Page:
Around the time the band were beginning to think about recording their third album, Turpin had found himself drawn towards the English folk music of his childhood. “Much of my teenage years were spent obsessing over what bands like Free and Led Zeppelin were listening to, and as a teenager I’d go to my local arts centre and see people like Martin Simpson and Bert Jansch perform,” he recalls. “As I’ve got older I’ve begun to rediscover them, Nick Drake, and John Martyn. So I began to lean more into the British folk world, and that’s definitely expressed itself on the album.”.
The alluring “Doing It For Badness” was one such song where Turpin found himself drawing on those folk influences. Its unusual title and refrain come from an expressionused by Ward’s mother, who grew up on a dairy farm in Northern Ireland. “It means doing something just to be cheeky,” Turpin says with a grin. Ida Mae certainly toy with that notion on the track, with their sultry delivery and silky harmonies. “My heart’sscared to feel like this,” Ward sings. “Did you think that I would step a little closer?/ Three days, we’ve gone too far/ Now we’re swimming in secrets/ Deep as a reservoir.”
Thunder Above You is particularly striking for the dynamic the band have crafted. This is an album that trips you up and leads you down unexpected paths. Before the intimacy of “Into Your River” you have album opener “My Whispers are Wildfire”, a slice of surrealism coasting on a Cuban-style rhythm and creeping, pervasive beats from John’s Moog drum machine. “I have no idea how that came about,” Turpin admits with a laugh. “Sometimes I feel my lyrical inspiration is somewhere between Lucinda Williams and Lennon & McCartney, playing with ideas and images and the juxtaposition of oddphrases and words.”
He realised he was experiencing a visceral reaction to US politics and the fraught nature of social media. “I flirted with some of the images I’d seen and the headlines that flare up in the news,” he says. “And mental health issues. I really feel for younger artists coming up today, the barrage of TikTok and social media. It’s a very different experience to when we were breaking through.” He speaks to the fickle nature of fame as Wards ings, “I’m gonna love you ‘til the money runs out.” Then the sharp sting of realisation:“Got a job just to get paid/ My beating heart like a bright red cage/ Now nothing evertastes good/ And rock and roll doesn’t roll like it should.”
Ida Mae are more playful here with their influences: traditional-sounding tracks such asthe Woodie Guthrie-indebted “Wild Flying Dove” sit alongside “Hold You Like Fading Light”, the album’s sprawling, fathomless closer. Other songs, like “Landslide”, are justas memorable for their graceful simplicity. There’s a timeless quality to the simplechords, redolent of Nick Drake or Towns van Zandt; Turpin and Ward’s harmonies arestark yet soothing. “I really wanted something that could stand on its own, that feltclassic, in a way,” Turpin says. “It was written for a family member whose partner wasgoing through a particularly tough time – the chorus speaks for itself. ‘As difficult as thismoment seems, I’ll love you through all of it.’”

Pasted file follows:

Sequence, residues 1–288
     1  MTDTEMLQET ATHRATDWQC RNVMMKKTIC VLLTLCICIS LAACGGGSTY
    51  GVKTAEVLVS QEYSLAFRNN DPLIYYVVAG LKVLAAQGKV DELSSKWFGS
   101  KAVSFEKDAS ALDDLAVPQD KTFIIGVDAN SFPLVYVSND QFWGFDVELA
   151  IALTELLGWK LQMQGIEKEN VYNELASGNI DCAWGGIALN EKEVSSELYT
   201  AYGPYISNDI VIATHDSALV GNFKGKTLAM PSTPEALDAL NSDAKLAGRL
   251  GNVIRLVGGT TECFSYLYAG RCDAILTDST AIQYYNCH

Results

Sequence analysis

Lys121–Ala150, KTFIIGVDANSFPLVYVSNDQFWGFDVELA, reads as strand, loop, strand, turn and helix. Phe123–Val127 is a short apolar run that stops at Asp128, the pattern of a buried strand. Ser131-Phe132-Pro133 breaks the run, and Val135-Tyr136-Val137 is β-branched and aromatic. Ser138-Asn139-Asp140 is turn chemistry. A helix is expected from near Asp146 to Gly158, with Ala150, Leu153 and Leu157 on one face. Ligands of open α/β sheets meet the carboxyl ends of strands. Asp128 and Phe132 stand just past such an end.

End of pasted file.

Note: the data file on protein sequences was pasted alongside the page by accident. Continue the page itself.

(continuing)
The golden thread woven through Thunder Above You is the album’s innate humanity.In the middle of the storm, surrounded by fear, chaos and confusion, are the peoplewho’ll take care of each other. The ones who’ll stand firm even as they’re faced withdarkness and despair. Those who can find moments of joy and humour when thingsseem at their bleakest. It’s fitting, then, that Turpin wrote the title track while thinkingabout the needs of someone else. “I think with everything going on in the world, the sense of impending doom but also having a baby on the way, I wanted to write something that could be sung when I’m not around anymore,” he says.
“Thunder Above You”, then, is about the impression we leave behind. Delicate acousticguitar picking unfurls like ripples across a still pool, as Turpin conjures an evocativeimage of the infinitesimal moments where memories can be found. “Spit our names tothe wind once more/ Take my hand until it’s sure/ Oh we’re just shadows, heart andbone/ and I’ve loved you more than I could ever have shown.” The guitar picks up inintensity towards the close, a flurry of life, not going quietly but rage, raging...“We’ve loved our life in music,” Turpin says “The fact that we’re still doing this now, having played with most of the artists I admire, travelling across 46 states... It’s really been anastonishing journey.”